So it will not happen after all. I mean, internal self-government for Tobago in a federal framework. If it has not happened in two and a half years, how can it happen in 61 days?
A green paper has been published with a bill proposed on the matter. A committee comprising Hamid Ghany, Martin George, and Christlyn Moore has been set up to reconcile this bill and the competing one from the Tobago House of Assembly (THA) executive council. And nothing has yet been taken to Parliament.
Let's talk a bit about that three-person committee. When its establishment was announced, there was no specification of its brief or its modus operandi, only that it had a reconciliation function.
It was immediately assailed by Chief Secretary London who queried the credibility of Martin George, accusing him of rabid bias against the PNM executive council as expressed in some of George's newspaper columns.
And there were others who doubted the objectivity of Ghany, suggesting that he was politically sympathetic to the People's Partnership Government. I don't recall any negative reaction to Moore. But when she replaced fall-guy Volney as Minister of Justice, it became clear that she too was not an objective choice.
One does not know if the committee is still functioning, especially as Moore is now Minister, but it is now abundantly clear that at least two of its members were anti-PNM if not pro-PP/Tobago Organisation of the People. The committee is tainted and can therefore not be expected to be able to objectively reconcile the two bills.
If the bills are not reconciled, what will be taken to parliament? Our best answer is the one in the green paper or some amended version of it. But when it will be taken is anybody's guess. Is the government bold enough to take it during the election campaign? I don't think so since they won't want to risk any of the following: too many voters accusing them of trampling on the legitimacy of the THA as an institution in both law and the Tobagonian political soul; diverting the electorate from a focus on PNM accountability and corruption issues; invoking the charge of naked political opportunism; calling attention to their long list of missteps.
So they will take it to the Parliament after the elections. But since it will be far easier to do so if the TOP wins control of the THA, how motivated will they be if the TOP loses?
I thought the idea was to prosecute the requisite legislation before the THA elections so that the winning party would preside over a self-governing Tobago within a federal government. And I thought the TOP wanted that.
But I was clearly naïve and unrealistic, forgetting that: i) constitution reform 'takes a lot of time', as one party official tried to persuade me; ii) the PP did not promise to institute the reform before the THA elections, only to take steps to institute it (according to the same official); iii) the party was far being an exemplar of the democracy needed to transform the island, installing autocracy and alienating many of its ideologues and knowledgeable people; iv) the PP had taken no steps to engage the Trinidadian populace in a constitutional discourse like the one that had consumed Tobago in the lead up to the two bills.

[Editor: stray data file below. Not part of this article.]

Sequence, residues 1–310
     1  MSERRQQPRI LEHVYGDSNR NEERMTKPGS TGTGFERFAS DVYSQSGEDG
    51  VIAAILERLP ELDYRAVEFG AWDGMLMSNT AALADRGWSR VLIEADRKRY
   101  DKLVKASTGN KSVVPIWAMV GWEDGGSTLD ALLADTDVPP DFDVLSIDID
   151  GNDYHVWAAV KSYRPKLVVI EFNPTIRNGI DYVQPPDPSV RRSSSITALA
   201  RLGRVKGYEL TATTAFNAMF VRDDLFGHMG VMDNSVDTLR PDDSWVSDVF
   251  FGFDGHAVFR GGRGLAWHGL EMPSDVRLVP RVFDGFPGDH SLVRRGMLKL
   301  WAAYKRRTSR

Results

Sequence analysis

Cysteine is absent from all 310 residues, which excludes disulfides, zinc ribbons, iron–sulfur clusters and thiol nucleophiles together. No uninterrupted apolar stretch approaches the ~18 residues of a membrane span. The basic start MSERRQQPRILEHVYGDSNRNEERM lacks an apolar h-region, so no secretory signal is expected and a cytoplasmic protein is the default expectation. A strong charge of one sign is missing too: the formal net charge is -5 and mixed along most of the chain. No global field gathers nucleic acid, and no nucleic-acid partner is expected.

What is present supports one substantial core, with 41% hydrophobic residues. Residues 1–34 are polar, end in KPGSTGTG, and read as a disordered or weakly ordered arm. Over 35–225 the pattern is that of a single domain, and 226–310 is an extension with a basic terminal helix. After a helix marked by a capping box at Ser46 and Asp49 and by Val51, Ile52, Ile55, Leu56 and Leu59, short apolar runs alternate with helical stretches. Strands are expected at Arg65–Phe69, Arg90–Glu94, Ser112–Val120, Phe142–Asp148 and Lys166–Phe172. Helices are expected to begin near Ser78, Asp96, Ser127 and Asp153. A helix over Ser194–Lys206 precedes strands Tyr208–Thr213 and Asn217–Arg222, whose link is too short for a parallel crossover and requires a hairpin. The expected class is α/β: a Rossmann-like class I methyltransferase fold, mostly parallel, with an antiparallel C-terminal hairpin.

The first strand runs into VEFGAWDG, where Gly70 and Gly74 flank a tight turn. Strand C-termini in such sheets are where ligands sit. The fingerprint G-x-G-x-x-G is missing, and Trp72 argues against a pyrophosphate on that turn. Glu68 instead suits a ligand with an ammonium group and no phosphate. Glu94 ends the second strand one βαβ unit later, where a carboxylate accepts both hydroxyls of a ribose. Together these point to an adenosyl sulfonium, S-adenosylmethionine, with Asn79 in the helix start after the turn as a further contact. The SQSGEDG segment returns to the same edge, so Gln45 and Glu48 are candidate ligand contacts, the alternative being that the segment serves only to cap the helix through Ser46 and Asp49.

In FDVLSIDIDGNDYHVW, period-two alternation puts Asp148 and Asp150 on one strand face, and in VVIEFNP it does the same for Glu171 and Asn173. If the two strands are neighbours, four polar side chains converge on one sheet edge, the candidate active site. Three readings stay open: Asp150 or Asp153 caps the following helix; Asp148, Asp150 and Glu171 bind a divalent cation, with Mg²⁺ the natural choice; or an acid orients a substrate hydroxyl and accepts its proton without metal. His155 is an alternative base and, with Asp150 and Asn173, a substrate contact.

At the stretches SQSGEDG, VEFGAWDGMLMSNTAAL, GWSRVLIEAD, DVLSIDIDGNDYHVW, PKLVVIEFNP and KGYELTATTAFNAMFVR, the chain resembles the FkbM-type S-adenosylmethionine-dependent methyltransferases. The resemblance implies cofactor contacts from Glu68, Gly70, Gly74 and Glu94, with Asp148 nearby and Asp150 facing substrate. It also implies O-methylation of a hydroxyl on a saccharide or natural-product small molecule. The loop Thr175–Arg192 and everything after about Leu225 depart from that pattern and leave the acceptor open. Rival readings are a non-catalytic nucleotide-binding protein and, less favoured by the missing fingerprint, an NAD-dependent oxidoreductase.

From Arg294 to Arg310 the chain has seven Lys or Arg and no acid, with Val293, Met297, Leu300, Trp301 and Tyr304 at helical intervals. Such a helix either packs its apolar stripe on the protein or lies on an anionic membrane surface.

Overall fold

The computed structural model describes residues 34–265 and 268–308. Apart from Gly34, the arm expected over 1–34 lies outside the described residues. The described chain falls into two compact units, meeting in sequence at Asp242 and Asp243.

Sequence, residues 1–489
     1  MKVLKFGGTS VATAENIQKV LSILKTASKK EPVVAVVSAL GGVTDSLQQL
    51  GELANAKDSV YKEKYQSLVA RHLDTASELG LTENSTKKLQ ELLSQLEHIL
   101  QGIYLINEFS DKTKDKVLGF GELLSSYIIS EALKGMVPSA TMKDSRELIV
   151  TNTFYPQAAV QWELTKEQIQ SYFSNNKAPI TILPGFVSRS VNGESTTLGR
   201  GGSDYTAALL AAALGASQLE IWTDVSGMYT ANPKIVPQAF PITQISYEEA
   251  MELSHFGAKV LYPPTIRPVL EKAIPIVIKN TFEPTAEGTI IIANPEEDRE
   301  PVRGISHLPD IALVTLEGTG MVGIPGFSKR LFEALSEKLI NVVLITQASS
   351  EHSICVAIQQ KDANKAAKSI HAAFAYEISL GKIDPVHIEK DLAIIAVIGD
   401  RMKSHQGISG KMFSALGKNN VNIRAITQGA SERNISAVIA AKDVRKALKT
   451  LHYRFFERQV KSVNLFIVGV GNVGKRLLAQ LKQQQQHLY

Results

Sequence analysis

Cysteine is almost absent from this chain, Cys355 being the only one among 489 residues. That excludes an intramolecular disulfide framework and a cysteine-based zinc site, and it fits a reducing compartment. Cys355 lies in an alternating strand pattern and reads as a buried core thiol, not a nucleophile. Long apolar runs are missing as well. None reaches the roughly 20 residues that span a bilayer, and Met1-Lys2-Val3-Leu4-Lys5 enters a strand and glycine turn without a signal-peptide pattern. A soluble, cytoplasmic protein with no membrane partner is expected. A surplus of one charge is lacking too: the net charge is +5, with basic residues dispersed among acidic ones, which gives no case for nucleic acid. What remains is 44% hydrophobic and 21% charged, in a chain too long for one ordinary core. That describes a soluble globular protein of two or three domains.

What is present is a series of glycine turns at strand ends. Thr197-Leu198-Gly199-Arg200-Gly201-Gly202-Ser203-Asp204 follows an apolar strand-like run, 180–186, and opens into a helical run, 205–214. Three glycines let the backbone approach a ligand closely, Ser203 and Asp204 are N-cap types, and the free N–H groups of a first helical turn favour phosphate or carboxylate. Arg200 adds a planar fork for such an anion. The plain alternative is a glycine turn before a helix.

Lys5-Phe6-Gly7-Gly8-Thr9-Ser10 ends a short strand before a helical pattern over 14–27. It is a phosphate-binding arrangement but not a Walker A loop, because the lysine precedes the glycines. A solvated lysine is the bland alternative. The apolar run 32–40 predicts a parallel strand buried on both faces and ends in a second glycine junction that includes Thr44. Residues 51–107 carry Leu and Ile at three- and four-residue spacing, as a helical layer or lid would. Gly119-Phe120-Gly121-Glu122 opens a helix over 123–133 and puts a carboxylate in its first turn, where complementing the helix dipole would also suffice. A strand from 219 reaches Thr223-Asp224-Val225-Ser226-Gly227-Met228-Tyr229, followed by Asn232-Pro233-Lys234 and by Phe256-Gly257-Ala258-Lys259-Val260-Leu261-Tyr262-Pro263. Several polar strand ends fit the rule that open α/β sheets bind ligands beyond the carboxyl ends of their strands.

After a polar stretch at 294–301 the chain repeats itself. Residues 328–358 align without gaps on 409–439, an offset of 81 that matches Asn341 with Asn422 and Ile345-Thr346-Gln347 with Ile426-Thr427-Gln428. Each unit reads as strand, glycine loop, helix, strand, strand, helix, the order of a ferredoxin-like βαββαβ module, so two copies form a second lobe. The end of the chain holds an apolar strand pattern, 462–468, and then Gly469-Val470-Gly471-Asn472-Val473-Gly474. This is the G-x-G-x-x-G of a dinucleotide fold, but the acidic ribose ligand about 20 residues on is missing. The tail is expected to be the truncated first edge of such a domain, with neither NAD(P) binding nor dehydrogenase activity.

It seems also to be the case that the PP government is more than a little timid about misstepping on the issue of Tobagonian (and, ineluctably, Trinidadian) internal self-government in the light of its litany of missteps, especially, most recently, Section 34. They literally fear adding this issue!
So since the TOP cannot take to the campaign 'An Act to Grant Tobago Internal Self-government within the Federation of Trinidad and Tobago', what can it take?
The argument that the five years is not finished yet and that the promise is still intact? The employment of the two MPs as ministers of government? The appointment of Tobagonians to state boards and committees? The spending of millions on central government projects in the island?
Back in April 2012, as a consequence of the Marlene Coudray debacle, the PP leaders issued statement of unified intent that included the following: 'The leaders, in our several meetings, have also discussed a number of other crucial issues relating to the functioning of the Partnership and the Government, and have agreed that actions are to be taken on the following matters: 1. rules of engagement of the parties within the Partnership; 2. fair share of resources to communities 3. resolving of the concerns of important sectors of the national community 4. improving the governance of the country by implementing our manifesto commitments with specific reference to our statements that:
·the economy will continue to be transformed through a political system that will be more responsive and participatory.
·we will have clean, responsible and responsive government with legislative changes and constitutional amendments to curb excesses and abuse of power. We reaffirm our emphasis on transparency and accountability.
·There will be a greater emphasis on collaborative approaches to facilitate consultation, participation, involvement and consensus-building. This will help us to achieve unity of purpose in our efforts and partnership and trust in the society.
As recently as April, therefore, the PP leaders, Ashworth Jack included, were not too concerned about constitutional reform and self-government for Tobago. There is nothing explicit about it in any of the four matters above, though it MIGHT be implicit in matters 2 and 3 (if you want to stretch meanings!).
You betting the thing will come by 2015? Or will it be another broken promise?